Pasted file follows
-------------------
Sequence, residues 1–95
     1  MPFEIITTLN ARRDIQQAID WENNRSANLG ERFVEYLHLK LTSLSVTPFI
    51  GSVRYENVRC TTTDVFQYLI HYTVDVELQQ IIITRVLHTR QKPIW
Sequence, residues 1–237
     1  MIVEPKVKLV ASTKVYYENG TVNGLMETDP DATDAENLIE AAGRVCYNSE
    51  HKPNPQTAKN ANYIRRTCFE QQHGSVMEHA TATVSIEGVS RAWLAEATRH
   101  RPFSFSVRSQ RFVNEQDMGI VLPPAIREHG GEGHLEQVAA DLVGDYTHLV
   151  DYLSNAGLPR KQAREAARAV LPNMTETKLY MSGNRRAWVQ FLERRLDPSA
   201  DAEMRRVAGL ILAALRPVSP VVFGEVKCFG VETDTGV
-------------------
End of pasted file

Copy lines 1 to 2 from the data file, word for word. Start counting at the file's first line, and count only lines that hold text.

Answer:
Sequence, residues 1–95
     1  MPFEIITTLN ARRDIQQAID WENNRSANLG ERFVEYLHLK LTSLSVTPFI